(new file).
Unfortunately this doesn't work because the `!=`

doesn't work as it is interpreted as !(x == y). Therefore we have to use something like this:

```
function Base.:!(bc::CS.BasicConstraint)
if bc.fct != equal
throw("!BasicConstraint is only implemented for !equal")
end
if length(bc.indices) != 2
throw("!BasicConstraint is only implemented for !equal with exactly 2 variables")
end
bc.fct = not_equal
return bc
end
```

So we create the `equal`

constraint first and then we change it to a not equal one.

We of course create a

`function not_equal(com::CS.CoM, constraint::BasicConstraint; logs = true)`

function as well were we have our basics at the top:

```
indices = constraint.indices
changed = Dict{Int, Bool}()
pruned = zeros(Int, length(indices))
pruned_below = zeros(Int, length(indices))
search_space = com.search_space
```

and then as we always have exactly two variables we write.

```
v1 = search_space[indices[1]]
v2 = search_space[indices[2]]
fixed_v1 = isfixed(v1)
fixed_v2 = isfixed(v2)
if !fixed_v1 && !fixed_v2
return ConstraintOutput(true, changed, pruned, pruned_below)
elseif fixed_v1 && fixed_v2
if value(v1) == value(v2)
return ConstraintOutput(false, changed, pruned, pruned_below)
end
return ConstraintOutput(true, changed, pruned, pruned_below)
end
```

that checks whether exactly one of the variables is set. If that is not the case we can return as it's either infeasible or we can't reduce the search space.

If one is fixed we can remove the value from the other one if it has the value:

```
# one is fixed and one isn't
if fixed_v1
prune_v = v2
prune_v_idx = 2
other_val = value(v1)
else
prune_v = v1
prune_v_idx = 1
other_val = value(v2)
end
if has(prune_v, other_val)
if !rm!(com, prune_v, other_val)
return ConstraintOutput(false, changed, pruned, pruned_below)
end
changed[indices[prune_v_idx]] = true
pruned[prune_v_idx] = 1
end
return ConstraintOutput(true, changed, pruned, pruned_below)
```

and the third part of `src/not_equal.jl`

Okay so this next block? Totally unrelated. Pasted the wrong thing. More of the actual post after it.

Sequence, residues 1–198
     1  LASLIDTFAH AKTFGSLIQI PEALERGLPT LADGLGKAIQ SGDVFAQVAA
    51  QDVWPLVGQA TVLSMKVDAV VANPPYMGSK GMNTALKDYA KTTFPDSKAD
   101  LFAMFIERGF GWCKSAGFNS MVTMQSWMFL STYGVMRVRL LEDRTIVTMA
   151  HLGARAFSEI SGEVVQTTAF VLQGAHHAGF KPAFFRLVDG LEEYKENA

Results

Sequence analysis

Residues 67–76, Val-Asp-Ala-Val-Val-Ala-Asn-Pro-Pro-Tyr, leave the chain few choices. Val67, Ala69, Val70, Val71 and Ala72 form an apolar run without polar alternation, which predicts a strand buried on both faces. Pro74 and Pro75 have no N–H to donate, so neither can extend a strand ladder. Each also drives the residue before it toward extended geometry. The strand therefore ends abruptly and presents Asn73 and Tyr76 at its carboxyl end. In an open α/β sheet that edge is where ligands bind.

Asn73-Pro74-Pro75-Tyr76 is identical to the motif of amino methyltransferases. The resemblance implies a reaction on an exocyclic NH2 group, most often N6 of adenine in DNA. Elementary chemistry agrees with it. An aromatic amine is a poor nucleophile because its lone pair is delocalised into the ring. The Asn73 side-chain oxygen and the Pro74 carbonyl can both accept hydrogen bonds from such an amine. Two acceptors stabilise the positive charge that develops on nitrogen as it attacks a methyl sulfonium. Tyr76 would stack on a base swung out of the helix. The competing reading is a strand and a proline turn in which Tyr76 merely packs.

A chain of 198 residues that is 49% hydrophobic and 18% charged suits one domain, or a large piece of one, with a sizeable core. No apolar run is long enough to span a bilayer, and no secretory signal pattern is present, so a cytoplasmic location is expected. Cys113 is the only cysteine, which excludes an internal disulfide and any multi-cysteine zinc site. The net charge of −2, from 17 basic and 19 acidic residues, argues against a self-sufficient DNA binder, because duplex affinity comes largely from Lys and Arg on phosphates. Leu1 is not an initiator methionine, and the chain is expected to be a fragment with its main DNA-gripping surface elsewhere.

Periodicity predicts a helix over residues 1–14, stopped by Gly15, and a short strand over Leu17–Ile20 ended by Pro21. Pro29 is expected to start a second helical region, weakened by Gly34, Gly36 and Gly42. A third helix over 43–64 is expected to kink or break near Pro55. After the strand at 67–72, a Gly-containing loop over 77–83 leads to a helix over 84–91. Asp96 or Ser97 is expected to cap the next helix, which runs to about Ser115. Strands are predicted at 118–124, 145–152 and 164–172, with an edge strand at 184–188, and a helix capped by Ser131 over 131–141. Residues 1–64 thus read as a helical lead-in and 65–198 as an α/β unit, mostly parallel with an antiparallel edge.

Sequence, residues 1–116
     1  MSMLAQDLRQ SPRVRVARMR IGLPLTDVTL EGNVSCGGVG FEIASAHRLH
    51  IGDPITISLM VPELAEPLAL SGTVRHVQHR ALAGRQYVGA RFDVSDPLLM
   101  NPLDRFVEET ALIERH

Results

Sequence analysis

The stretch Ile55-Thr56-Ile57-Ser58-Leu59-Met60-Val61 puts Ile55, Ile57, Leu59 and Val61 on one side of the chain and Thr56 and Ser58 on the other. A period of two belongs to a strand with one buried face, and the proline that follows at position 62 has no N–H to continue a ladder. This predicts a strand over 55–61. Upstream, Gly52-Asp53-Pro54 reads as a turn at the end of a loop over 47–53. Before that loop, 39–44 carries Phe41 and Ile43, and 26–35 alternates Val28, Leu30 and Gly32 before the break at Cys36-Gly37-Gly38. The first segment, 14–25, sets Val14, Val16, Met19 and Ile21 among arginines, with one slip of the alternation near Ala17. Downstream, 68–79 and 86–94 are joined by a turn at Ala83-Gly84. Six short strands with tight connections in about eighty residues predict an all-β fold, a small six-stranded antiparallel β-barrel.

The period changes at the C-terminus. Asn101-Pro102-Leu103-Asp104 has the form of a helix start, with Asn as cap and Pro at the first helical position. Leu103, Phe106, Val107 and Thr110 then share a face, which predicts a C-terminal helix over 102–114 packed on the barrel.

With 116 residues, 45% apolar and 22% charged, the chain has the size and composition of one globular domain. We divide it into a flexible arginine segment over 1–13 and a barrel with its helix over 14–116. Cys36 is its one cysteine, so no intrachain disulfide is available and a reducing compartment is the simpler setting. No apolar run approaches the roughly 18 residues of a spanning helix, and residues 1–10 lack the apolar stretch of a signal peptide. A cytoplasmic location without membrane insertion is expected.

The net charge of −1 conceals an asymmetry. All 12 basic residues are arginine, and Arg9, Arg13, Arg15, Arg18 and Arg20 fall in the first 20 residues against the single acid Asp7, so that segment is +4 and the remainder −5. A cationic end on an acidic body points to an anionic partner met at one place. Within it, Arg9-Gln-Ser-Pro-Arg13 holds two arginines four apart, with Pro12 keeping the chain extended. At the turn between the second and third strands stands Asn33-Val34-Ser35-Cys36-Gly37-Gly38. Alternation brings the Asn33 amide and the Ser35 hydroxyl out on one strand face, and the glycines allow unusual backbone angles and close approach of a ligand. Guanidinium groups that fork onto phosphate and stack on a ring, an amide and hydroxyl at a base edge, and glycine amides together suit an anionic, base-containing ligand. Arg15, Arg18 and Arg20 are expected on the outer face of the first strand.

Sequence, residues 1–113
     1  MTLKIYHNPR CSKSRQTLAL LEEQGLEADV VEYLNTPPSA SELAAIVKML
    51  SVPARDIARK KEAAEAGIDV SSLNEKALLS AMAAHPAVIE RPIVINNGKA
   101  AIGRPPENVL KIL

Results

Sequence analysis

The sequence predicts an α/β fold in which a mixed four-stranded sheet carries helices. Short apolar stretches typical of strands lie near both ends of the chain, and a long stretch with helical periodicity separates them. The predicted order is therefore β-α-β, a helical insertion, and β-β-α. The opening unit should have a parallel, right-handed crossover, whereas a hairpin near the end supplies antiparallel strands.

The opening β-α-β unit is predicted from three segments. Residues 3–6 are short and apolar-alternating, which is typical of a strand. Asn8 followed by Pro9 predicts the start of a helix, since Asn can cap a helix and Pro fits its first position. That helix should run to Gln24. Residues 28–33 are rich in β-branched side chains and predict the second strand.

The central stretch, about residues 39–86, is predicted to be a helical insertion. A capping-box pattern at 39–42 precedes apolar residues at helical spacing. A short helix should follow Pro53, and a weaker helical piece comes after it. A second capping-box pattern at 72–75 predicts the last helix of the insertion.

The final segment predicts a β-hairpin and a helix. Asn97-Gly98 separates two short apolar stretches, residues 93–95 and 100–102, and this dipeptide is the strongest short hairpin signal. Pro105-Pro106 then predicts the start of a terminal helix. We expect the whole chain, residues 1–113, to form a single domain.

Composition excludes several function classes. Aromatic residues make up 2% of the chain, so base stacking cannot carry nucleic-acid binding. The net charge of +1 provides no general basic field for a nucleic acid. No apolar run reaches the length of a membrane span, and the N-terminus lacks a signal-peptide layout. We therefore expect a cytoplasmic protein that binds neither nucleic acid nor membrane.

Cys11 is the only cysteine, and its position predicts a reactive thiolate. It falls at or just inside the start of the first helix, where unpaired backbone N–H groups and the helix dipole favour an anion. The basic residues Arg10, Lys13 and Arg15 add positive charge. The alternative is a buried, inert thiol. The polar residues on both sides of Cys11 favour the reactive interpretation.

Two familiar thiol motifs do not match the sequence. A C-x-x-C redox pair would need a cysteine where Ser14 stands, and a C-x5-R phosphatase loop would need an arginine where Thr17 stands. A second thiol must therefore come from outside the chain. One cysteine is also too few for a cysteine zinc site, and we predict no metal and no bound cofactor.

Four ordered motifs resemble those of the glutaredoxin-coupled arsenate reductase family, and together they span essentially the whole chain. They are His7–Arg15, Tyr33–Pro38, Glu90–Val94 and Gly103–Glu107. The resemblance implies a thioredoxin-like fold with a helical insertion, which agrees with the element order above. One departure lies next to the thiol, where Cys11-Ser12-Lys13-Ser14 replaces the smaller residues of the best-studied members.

is again to check whether it's feasible if we set a value in backtracking.

```
function not_equal(com::CoM, constraint::Constraint, value::Int, index::Int)
if index == constraint.indices[1]
other_var = com.search_space[constraint.indices[2]]
else
other_var = com.search_space[constraint.indices[1]]
end
return !issetto(other_var, value)
end
```

That is it!

But it's probably not that interesting to see the end result. We would like to visualize how the solver found it out.

Not sure how to visualize it such that one can see the current search space :/ What I can show you for now is the value currently fixed which might get changed in backtracking. (Here it isn't)

The reason why there is no change sometimes is when pruning a value but I find it interesting to get an idea of how many pruning steps there are before the next fix.

Let's have a look which got fixed by pruning (black circle) and which got fixed by trying out (white circle).

In general we can see that we used a lot of free choices and didn't prune often.

I think it might be more interesting to see what happens if we limit the number of colors to 3.

There one can see a problem of using my strategy of setting a variable which was infeasible most often before in backtracking even though it works quite nicely in sudoku. Another thing is: If we set Washington to red and it doesn't work then setting it to blue doesn't work as well because we could always swap colors in the whole map i.e all which were blue are now red and vice versa. That doesn't change any constraint.

## What's next?

- Optimization function i.e use as few colors as possible done
- Speed up: Reduce vector allocation when we use only two variables
- Yes probably changing the data structure again. It's work in progress ;)
- also done

Stay tuned ;)

And as always:

**Thanks for reading and special thanks to my first three patrons!**

List of patrons paying more than 2$ per month:

- Site Wang

If you want to have early access to the next posts as well and enjoy the blog in general please consider a donation via Patreon to keep this project running.

For a donation of a single dollar per month you get early access to the posts. Try it out for a the last two weeks of October for free and if you don't enjoy it just cancel your subscription.

If you have any questions, comments or improvements on the way I code or write please comment here and or write me a mail o.kroeger@opensourc.es and for code feel free to open a PR on GitHub ConstraintSolver.jl

I'll keep you updated on Twitter OpenSourcES as well as my more personal one: Twitter Wikunia_de

Become a Patron! |